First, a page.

Sidebar: Why would anyone go to the trouble or expense of installing a new kitchen only to destroy it? Makes no sense.

As for making my mark... not sure I have or will in any grand way. But my two kids are neat people and that is very very satisfying.

Lauri Kubuitsile said...

Elspeth- I can't believe you have 5 kids. I've got to give you a standing ovation for that. (I'm standing- can you see me??)I have two and in both cases I was tricked into it. I love them now but..... let's just say me and babies don't get along. I need communication and they refuse to give it back in an intelligent form.

As for legacy- well I don't feel so bad about what I've done so far. Not that I think it might be time to make an exit- I still have a lot to do!

I love the idea of stumbling along little things left behind by others- just for people to enjoy. There is something very comforting about that.

Mary Witzl said...

I've made a couple of kids, hundreds of pots, the odd painting and drawing, and a lot of really horrible scarves. I really want to add a few properly published books to that list. In the meantime, I tell myself that good memories from tasty meals are better than nothing.

staceyjwarner said...

I'm often told when I'm searching for how to leave my mark creatively that I am raising Goom...and for some reason it never feels like enough. However this has changed recently because I know when I blog, I'm touching people daily and this means a lot to me, I'm living and therefore leaving my mark, all humans are sacred and divine!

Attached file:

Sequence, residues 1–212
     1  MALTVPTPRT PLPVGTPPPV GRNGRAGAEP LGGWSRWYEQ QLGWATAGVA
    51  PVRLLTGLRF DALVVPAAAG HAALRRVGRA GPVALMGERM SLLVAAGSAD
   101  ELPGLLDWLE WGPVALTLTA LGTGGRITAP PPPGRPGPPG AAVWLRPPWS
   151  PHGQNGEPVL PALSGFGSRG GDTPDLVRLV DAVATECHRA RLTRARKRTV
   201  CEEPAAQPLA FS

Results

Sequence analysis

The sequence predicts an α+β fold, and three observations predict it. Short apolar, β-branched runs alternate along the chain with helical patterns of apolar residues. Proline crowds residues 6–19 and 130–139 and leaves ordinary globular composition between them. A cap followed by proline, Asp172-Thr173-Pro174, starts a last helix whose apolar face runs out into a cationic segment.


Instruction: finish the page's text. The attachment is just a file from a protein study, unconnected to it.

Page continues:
Glynis said...

Aside from 3 adult children,my dream is the same as yours. To walk into a store or library(oh I do miss the library), and see my book(s).

Pop Art Diva said...

I have always liked to think that my art will be the legacy I leave the world but who knows. Maybe I should have been running around leaving little rock sculptures instead.

By the way, those little piles of rocks are called "cairns" and most often used as grave markers or to mark the summit of a hill or mountain. The Scots even have a blessing: "I'll put a stone on your cairn"

I had a neighbor in Arizona who had quite a few of them in his front yard and, though I'm sure they were set up as sculptures, I often wondered if there were any bodies buried there when I walked by, lol.

So, this was my pebble to add to your "cairn" post, my two cents worth for whatever it's actually worth!